When researcher­s at the University of California, Davis, compared the effects of three different diets on rescue horses in a 2012 study, they concluded that alfalfa hay is the ideal first food for restoring starved horses to health.

Unlike calorie-rich concentrat­es, alfalfa hay does not cause the insulin spike and associated electrolyt­e depletion that can lead to the potentiall­y fatal complicati­on known as refeeding syndrome.

Alfalfa is a good source of high-quality protein and the essential amino acid lysine and the electrolyt­es phosphorus and magnesium.

The same researcher­s advise feeding a starved horse small, frequent amounts of high-quality alfalfa hay when beginning refeeding. Ideally, for the first three days of the rehab program, they say, a horse will eat one pound of alfalfa hay every four hours, for a total of six pounds per day divided between six feedings.

On days four through

10, the researcher­s recommend slowly increasing the amount of alfalfa and decreasing the frequency of feeding so that eventually the horse eats four pounds of hay every eight hours, for a total of 12 pounds a day in three feedings.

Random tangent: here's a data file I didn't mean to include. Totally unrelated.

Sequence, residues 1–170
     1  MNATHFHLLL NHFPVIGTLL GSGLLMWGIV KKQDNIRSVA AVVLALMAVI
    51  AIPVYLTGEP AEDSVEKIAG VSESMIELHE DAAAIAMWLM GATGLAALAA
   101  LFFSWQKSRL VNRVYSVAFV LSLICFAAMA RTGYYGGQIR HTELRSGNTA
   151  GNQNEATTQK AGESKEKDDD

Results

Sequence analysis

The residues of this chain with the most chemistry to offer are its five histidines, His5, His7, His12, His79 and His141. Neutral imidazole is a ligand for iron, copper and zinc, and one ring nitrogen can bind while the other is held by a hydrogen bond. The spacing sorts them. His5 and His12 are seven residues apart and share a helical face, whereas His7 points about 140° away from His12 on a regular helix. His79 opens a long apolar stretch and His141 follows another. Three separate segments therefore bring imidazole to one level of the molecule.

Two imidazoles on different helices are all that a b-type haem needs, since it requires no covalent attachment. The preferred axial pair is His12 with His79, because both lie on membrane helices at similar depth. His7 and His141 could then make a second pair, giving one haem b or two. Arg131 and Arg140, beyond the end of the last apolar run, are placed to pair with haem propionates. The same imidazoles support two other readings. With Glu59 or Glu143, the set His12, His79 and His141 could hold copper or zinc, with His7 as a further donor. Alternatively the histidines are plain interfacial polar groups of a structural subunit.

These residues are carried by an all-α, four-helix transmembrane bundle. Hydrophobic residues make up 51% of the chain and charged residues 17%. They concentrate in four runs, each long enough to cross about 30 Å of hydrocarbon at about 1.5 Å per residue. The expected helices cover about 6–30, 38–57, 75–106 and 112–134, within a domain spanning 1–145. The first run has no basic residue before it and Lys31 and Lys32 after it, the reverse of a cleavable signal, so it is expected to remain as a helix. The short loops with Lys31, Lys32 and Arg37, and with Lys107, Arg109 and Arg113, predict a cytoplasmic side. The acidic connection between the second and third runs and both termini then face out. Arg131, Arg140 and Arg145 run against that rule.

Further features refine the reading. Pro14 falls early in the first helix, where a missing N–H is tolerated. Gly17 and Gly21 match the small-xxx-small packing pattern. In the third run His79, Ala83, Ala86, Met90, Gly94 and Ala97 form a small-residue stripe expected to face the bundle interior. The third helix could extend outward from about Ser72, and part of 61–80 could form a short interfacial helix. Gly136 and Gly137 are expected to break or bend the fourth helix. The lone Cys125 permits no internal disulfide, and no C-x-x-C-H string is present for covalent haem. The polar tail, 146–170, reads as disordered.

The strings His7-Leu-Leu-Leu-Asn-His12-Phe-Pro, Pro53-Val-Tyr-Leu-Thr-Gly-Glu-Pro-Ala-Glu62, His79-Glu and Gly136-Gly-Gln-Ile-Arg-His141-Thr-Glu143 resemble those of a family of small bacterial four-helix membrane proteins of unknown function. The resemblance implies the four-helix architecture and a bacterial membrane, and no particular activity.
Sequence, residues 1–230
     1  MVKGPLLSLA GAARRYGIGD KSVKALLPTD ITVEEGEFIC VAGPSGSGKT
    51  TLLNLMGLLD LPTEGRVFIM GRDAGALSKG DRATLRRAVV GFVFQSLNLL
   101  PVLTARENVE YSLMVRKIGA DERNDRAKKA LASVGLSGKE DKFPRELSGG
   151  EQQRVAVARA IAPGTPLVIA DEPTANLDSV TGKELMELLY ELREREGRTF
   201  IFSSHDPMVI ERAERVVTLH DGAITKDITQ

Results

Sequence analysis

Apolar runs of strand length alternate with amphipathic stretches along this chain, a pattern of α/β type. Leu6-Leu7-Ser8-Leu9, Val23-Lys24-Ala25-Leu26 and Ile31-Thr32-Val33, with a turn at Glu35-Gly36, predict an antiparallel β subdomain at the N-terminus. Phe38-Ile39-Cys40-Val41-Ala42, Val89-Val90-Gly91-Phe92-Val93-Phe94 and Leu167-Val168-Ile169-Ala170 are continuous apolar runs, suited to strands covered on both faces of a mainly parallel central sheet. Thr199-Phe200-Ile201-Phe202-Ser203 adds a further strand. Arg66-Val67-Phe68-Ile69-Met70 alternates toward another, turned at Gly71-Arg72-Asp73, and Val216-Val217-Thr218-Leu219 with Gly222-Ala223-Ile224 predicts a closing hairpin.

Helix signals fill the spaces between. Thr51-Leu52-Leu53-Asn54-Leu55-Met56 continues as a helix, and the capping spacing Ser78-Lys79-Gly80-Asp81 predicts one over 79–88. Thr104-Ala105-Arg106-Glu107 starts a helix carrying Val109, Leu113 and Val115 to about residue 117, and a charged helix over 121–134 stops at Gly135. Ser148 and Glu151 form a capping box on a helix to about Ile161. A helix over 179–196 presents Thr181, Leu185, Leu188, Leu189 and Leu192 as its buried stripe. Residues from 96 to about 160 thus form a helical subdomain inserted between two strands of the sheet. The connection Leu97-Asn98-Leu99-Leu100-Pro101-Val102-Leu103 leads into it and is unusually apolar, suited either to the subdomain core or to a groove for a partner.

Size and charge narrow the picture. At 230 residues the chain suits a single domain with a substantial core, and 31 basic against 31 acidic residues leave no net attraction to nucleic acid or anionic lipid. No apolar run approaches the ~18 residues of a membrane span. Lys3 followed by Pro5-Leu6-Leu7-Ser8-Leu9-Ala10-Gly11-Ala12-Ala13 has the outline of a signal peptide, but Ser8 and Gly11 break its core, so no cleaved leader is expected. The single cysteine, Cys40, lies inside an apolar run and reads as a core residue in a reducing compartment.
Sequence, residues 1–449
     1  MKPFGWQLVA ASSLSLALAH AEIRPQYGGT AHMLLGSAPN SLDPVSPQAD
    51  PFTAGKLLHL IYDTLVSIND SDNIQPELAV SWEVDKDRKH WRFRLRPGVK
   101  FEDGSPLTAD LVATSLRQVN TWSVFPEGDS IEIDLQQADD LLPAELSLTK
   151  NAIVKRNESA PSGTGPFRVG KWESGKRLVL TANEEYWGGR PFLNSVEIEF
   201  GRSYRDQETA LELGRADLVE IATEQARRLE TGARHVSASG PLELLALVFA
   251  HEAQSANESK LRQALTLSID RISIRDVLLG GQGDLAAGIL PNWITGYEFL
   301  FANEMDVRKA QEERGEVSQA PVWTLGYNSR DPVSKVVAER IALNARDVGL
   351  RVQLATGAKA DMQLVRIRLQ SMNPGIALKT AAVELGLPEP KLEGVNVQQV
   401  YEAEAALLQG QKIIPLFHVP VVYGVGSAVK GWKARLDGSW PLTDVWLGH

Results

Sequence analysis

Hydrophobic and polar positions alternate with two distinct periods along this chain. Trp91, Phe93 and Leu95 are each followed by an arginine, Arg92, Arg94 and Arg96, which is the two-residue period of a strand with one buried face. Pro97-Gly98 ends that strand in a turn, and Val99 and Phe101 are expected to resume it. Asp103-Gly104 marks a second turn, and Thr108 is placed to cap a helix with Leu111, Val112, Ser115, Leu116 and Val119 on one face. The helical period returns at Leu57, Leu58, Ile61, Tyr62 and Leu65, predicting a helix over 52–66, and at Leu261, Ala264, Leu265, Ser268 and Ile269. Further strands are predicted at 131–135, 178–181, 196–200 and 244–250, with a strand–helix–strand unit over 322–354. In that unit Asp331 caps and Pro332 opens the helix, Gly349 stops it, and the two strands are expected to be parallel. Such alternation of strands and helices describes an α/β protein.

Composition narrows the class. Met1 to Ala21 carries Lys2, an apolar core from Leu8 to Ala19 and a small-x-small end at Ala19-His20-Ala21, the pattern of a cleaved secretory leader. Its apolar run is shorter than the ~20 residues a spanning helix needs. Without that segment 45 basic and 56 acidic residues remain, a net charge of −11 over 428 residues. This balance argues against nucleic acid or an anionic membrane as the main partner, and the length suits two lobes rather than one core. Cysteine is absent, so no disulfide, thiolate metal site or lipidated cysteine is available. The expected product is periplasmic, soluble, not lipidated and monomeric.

After the tenth day of nutritiona­l rehabilita­tion, the horse can be fed as much alfalfa as he will consume, the researcher­s say. In fact, continual access to forage is crucial, because the presence of fiber in the cecum allows for fermentati­on and the re-establishm­ent of healthy hindgut flora.

Finally, after the initial alfalfa-only refeeding period, nutritiona­l supplement­s designed to help a horse safely gain weight can come in handy to ease re-introducti­on to grain. Most equine weightgain supplement­s, which come in a variety of forms ranging from pellets to powders, are fat-based and may include vegetable and various seed oils and oftentimes rice bran.

Consult with your veterinari­an when choosing a product. Reputable manufactur­ers will have equine nutritioni­sts on staff and will provide a phone number to call if you have questions.

One additional note: if you are refeeding a horse in a region where alfalfa hay isn’t available, consider using timothy hay, though it offers less nutritiona­l value.

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